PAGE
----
As we approach the end of January, I have come across a number of commentaries on various media about the fact that most people will have abandoned their New Year Resolutions by the end of this month. It has struck me however that as parents we have both an opportunity and a responsibility in terms of how we message New Year resolutions to our children.
If we start the New Year with great fanfare and announce to our family that we are going to loose weight, get fit, learn a new skill, become a better cook etc and then drop the resolution at the first obstacle what have we actually taught our children?
In my view we have taught them that goals are a fun thing to make but really you don’t do anything and they really are a waste of time. I doubt that this is the message that we really want to communicate. What the children actually see is statement of a goal with no real action.
Fortunately because we have set goals for the Year and not just for January we have the opportunity to use this goal setting to show our children that who we really achieve our goals is through work and commitment over time.
So what can we do this weekend to take the goals that we set at the start of the month and turn them into highly positive learning experiences for both ourselves and our children?
Step 1: Acknowledge where we actually are
if we have started and stopped, never got started, or only made some half-baked attempts then communicate that you are not happy with what you have done to date, and explain that you need to make some changes and achieve the goal.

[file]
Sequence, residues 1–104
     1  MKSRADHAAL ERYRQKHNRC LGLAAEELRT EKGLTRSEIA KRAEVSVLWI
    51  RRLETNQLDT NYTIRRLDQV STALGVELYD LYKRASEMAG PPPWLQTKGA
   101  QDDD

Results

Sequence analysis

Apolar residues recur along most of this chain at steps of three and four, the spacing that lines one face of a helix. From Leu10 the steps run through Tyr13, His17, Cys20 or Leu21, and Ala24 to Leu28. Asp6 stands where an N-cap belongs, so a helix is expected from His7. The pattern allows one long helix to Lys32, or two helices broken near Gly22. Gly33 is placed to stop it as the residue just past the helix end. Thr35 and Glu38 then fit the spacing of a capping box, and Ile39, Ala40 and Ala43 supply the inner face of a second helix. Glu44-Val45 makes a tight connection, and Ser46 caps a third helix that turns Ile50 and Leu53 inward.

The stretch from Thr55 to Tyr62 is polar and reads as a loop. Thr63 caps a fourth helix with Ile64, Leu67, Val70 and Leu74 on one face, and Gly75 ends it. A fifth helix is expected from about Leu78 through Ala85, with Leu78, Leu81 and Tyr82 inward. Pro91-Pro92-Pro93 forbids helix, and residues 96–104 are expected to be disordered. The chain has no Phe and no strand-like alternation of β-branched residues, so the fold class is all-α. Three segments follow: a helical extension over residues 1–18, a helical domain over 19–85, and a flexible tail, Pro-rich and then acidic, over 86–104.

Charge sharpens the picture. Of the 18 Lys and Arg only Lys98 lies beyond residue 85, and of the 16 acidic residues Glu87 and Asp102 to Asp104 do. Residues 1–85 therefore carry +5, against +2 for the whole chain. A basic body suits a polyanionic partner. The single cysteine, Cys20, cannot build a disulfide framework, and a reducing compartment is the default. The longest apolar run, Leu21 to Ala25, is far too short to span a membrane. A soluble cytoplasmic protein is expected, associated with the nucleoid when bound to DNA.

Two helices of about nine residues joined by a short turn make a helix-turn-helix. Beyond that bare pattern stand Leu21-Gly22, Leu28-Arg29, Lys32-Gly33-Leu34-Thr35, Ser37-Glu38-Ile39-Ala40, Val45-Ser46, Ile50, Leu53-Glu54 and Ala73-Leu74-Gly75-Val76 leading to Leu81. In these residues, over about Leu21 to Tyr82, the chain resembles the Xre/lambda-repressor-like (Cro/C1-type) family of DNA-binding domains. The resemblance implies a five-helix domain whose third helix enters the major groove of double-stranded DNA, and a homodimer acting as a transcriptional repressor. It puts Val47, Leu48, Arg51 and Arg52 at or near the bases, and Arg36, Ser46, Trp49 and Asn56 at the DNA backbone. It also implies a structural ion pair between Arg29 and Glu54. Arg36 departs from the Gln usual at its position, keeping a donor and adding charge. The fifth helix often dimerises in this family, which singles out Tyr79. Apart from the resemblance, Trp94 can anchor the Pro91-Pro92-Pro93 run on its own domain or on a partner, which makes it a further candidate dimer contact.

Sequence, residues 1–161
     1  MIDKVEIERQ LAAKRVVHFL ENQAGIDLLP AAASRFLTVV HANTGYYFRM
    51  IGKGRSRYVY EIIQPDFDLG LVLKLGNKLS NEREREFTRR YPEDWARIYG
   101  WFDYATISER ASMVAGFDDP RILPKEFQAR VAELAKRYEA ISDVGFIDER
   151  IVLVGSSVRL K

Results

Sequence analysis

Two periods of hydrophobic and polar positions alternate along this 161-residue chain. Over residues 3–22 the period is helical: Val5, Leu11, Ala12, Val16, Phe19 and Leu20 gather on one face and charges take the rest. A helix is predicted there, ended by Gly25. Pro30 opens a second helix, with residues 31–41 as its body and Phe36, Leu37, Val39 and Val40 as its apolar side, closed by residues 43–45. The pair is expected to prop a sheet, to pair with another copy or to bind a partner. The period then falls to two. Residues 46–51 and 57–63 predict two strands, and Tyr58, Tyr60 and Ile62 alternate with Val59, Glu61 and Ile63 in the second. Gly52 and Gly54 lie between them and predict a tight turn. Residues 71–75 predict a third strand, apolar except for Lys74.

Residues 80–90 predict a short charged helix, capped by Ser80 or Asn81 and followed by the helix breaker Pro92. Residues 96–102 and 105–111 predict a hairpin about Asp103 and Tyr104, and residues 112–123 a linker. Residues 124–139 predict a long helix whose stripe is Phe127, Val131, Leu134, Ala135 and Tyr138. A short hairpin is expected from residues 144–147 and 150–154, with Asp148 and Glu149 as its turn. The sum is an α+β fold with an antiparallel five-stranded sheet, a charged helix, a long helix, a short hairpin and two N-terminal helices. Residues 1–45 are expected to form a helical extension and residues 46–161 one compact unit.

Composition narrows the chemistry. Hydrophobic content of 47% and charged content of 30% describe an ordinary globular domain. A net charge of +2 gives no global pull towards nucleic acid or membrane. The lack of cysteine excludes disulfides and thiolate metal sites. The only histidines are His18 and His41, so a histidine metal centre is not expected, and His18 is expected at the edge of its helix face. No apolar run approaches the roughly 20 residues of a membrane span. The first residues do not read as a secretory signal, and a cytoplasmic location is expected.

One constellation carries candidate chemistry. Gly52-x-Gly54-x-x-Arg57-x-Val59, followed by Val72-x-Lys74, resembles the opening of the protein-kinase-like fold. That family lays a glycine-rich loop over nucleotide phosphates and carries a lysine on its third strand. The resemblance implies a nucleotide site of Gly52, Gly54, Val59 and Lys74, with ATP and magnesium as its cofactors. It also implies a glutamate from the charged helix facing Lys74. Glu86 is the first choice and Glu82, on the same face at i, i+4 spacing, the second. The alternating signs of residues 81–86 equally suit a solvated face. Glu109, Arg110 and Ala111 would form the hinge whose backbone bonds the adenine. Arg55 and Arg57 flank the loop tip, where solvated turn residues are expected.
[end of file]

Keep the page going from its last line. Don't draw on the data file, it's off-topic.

Step 2 Create a realistic plan that is specific in terms of actions, effort and time requirements
This is a great opportunity for our children to see that when we have goals that the next step in the process is to look at the time and effort that we need to apply in order to turn those goals into reality. We cannot reasonably expect to get fit by sitting in front of the TV each evening.
So it becomes more straightforward if we have told them that we will be going to the gym, for a walk, a run, a cycle etc that our children will have an expectation that we will not be at home. If they are small then the parent being left at home may need to do a little distracting but it will quickly become the new routine.
Older children (particularly teenagers) will challenge you if the do not see you putting in the work.
This step is the process by which we show our children by our actions that the way to achieve goals is through work, effort and commitment.
Step 3 Set out the baby steps that provide us with the opportunities to succeed.
Nothing succeeds or encourages us more than success. So if we have a big goal and we break it down into smaller achievable steps that we work towards on a daily basis then we create the opportunities to celebrate our achievements as we are going through the process and get the feedback that will encourage us to keep going.
Step 4 Communicate specifically how we need to support each other and hold each other accountable.
Encouragement matters and we all benefit from it. We all need people around us who will, pull us up, push us from behind and travel beside us to balance where our own motivation and energy is on a given day.
If we put these fundamentals in place we will increase our likelihood of success and in the process also teach our children the relationship between their work and their goals
Remember that the goal is for the year and not just New Years day and it provides us with the opportunity to be the best parent that we can be.